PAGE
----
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Charter Schools Bill Approved by State Senate Committee

By Brandon Moseley
Alabama Political Reporter

Wednesday, March 4, The Alabama Senate Education and Youth Affairs Committee today approved Senate bill 45 the School Choice and Student Opportunity Act following a public hearing in which both sides of the issue voiced their opinions.

Alabama Senate President Pro Tem Del Marsh (R-Anniston) who sponsored the legislation said in a statement that the School Choice and Student Opportunity Act is designed to create an application process for local school boards so that they may establish public charter schools, both new and conversion giving parents the ability to choose the education that is best for their child.

Sen. Del Marsh said, “I want to thank the committee for giving this bill their approval. Senate bill 45 is the product of much discussion and collaboration with the education community as well as our colleagues on both sides of the aisle. I am pleased that we were able to bring everyone to the table and present legislation which has the input of each person who was involved in the process. If parents want to send their child to a public charter school, or if they don’t, this legislation puts those decisions in the hands of their local community.”

Co-Chair of the Rainy Day Patriots Ann Eubank told the Alabama Political Reporter, “We are very disappointed that the Senate Education Policy committee voted to approve SB45 (Charter Schools) even after hearing compelling testimony about the problems that could arise. Especially since Charter Schools, along with Common Core and the P20W data collection program, are the three main requirements in the Race To The Top grants from the US Department of Education, a federal agency, and the Obama administration, whose main objective is the federal takeover of the educational system from state and local authorities. We will continue to try and educate the electorate about the danger of charter schools, Common Core, and P20W becoming law in Alabama.”

A number of voices spoke on both sides of this debate at Wednesday’s public hearing.

State Representative Tim Wadsworth (R) said on Facebook: “In Senate committee hearing listening to debate over State Charter Schools – Superintendents Assn spoke in opposition. Business Council spoke in favor. President of Jefferson County teachers assn spoke in opposition. Birmingham parent spoke in favor. Senator Smitherman spoke in opposition- said that Charter schools don’t work in rural areas.- Montgomery teacher spoke in favor- Alabama Assn of School Boards spoke in opposition – Prinicipal who worked in two low performing schools spoke about quality educators -Business Education Alliance spoke in favor – Bessemer teacher spoke in favor- Montgomery teacher spoke in opposition.”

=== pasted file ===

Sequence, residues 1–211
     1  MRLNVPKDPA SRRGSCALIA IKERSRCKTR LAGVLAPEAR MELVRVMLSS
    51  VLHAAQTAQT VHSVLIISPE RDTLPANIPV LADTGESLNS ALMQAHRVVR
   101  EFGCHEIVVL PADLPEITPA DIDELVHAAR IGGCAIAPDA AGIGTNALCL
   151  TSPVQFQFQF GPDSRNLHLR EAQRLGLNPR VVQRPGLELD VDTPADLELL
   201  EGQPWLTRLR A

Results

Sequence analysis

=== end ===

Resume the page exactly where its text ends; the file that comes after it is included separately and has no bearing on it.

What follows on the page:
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Senate Bill 45 is designed to create an application process for the establishment of public charter schools, both new and conversion, and the establishment of the Alabama Public Charter School Commission.

Only 10 new public charters may be created during a single fiscal year, for the first five years. If no cap is reached, the remaining spots will be rolled into the next immediate fiscal year. There is no limit on conversion charters, however all decisions to approve or reject are made by local school board.

Senator Marsh said, “Alabama’s children are the building blocks of our future and they should be given every available option to succeed. That starts with a quality education. While there is no silver bullet to cure all problems in education, giving community leaders another tool in their belt, ensures that no child’s dreams are limited by a lack of educational opportunities.”

Alabama would be the 43rd state to allow charter schools. The Center for Education Reform reported that over 12,000 Alabama families applied for the 2,830 scholarships that were awarded this past school year under the Alabama Accountability Act. The pro-education reform group said that this demonstrates a resounding display of parent demand for greater learning opportunities for their children.

Rep. Terri Collins (R-Decatur) will carry the bill in the House. Rep. Collins said, “The School Choice and Student Opportunity Act will give parents and students more choices of excellence in education. This important legislation will make dramatic, positive changes in education for Alabama.”

The conservative group Stop Common Core in Alabama wrote on Facebook, “It is vitally important that SB 45 the charter school bill be immediately removed from consideration. It will cement us to Common Core but allow for outside entities to take control of education and receive tax dollars for their own personal gain and benefit. The pushing of these types of bills is for the personal financial interests of those involved, not the good of AL children.”

Senator Marsh said, “We are learning how other states operate charter schools and we have taken the high points from those states in terms of accountability, transparency and performance. Because we are so late to the game, we can ensure Alabama’s charter schools are the best in the nation.”

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The bill will now go to the floor for a vote by the entire Alabama Senate.

Brandon Moseley is a former reporter at the Alabama Political Reporter.

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